Retired Cop Accused of Threatening Investigators in Fox Lake Officer's Death Was 'Frustrated' About Case: Attorney - NBC Chicago

Retired Cop Accused of Threatening Investigators in Fox Lake Officer's Death Was 'Frustrated' About Case: Attorney

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    NEWSLETTERS

    Judge Won't Reduce Bond for Retired Officer Accused of Threatening Fox Lake Investigators

    A judge on Tuesday refused to reduce bond for a retired Chicago police officer accused of threatening to harm a coroner and other officials who are investigating the fatal shooting of a northern Illinois officer. Phil Rogers reports. (Published Tuesday, Sept. 15, 2015)

    A judge on Tuesday refused to reduce bond for a retired Chicago police officer accused of threatening to harm a coroner and other officials who are investigating the fatal shooting of a northern Illinois officer unless they categorized that death a suicide.

    An attorney for 54-year-old Joseph A. Battaglia argued that while the incident was a "stupid, reckless act," the former officer never intended to act on the threats, but a judge ruled in a bond review hearing that Battaglia's $100,000 bond still stands. 

    Battaglia was arrested at his suburban Chicago home on Saturday on two counts of felony disorderly conduct and remains behind bars at the Lake County Jail, the Lake County Sheriff's Office said. 

    The Sept. 1 shooting death of Fox Lake Police Lt. Charles Joseph Gliniewicz prompted a massive manhunt for potential suspects. But the county coroner, Dr. Thomas Rudd, said last week that he couldn't rule the death a homicide, an accident or suicide.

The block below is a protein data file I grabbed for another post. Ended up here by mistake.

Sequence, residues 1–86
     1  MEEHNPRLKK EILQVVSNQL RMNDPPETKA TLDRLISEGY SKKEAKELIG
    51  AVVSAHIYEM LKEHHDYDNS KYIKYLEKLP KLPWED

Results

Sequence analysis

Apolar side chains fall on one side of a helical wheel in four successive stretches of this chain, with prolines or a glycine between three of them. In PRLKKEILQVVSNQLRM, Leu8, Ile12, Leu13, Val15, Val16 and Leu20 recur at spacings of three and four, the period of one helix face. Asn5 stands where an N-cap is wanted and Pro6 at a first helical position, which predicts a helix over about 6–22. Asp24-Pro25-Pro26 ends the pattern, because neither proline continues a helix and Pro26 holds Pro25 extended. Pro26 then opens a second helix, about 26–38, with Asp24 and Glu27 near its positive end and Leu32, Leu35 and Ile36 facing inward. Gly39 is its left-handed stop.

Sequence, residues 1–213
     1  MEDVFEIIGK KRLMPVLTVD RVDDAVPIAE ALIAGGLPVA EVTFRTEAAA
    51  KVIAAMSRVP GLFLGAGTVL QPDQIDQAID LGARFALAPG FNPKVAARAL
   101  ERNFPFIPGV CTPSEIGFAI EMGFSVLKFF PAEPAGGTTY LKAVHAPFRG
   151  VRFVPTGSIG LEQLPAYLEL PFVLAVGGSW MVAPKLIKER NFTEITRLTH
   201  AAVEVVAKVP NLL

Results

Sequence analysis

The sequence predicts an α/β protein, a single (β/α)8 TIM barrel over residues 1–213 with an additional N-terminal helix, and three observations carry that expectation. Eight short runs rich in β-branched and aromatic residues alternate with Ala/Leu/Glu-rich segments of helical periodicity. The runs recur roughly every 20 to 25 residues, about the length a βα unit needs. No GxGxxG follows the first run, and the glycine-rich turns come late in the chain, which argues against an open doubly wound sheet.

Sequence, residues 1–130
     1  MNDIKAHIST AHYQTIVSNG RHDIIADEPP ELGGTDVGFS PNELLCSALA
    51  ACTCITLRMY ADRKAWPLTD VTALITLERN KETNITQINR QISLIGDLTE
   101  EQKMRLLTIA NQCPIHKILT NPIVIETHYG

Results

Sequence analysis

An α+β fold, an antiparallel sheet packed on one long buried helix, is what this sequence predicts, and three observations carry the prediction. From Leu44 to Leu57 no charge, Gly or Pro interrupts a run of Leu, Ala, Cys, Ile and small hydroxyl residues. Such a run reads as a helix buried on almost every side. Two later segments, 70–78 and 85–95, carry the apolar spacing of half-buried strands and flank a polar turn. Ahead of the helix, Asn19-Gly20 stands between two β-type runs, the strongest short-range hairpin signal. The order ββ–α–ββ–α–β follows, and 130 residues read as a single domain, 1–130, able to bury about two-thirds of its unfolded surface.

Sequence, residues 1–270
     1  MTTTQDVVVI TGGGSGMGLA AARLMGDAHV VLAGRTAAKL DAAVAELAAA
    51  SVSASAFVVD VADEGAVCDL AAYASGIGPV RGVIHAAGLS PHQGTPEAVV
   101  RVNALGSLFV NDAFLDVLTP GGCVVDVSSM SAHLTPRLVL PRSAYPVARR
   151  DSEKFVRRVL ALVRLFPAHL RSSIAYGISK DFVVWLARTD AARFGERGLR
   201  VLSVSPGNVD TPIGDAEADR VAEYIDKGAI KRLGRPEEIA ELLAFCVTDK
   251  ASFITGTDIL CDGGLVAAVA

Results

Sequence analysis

Gliniewicz, a 30-year police veteran who was nearing retirement, radioed he was chasing three suspects before the shooting, but no suspects have been arrested.

    Battaglia allegedly threatened Rudd and his staff and task-force investigators in a telephone call Friday. In a statement announcing the allegations Sunday, the sheriff's department didn't offer other details, including Battaglia's possible motive.

    Battaglia's attorney, Myron Goldstin, said Tuesday that the Chicago police veteran was emotional about the case and noted that he has no knowledge on whether the officer's death was a suicide. 

    "I can respect the judge's decision, but I disagree," Goldstin said. "Mr. Battaglia has never harmed anyone. Those comments, if he made them, were made out of frustration."

    Lake County Undersheriff Raymond Rose said in Sunday's statement that "any intentional criminal acts to distract or impair our investigation will be actively investigated" and turned over to prosecutors.

    "We will not tolerate any behavior which disrupts our investigative efforts," he said.

    Battaglia is next expected to appear in court on Oct. 6.

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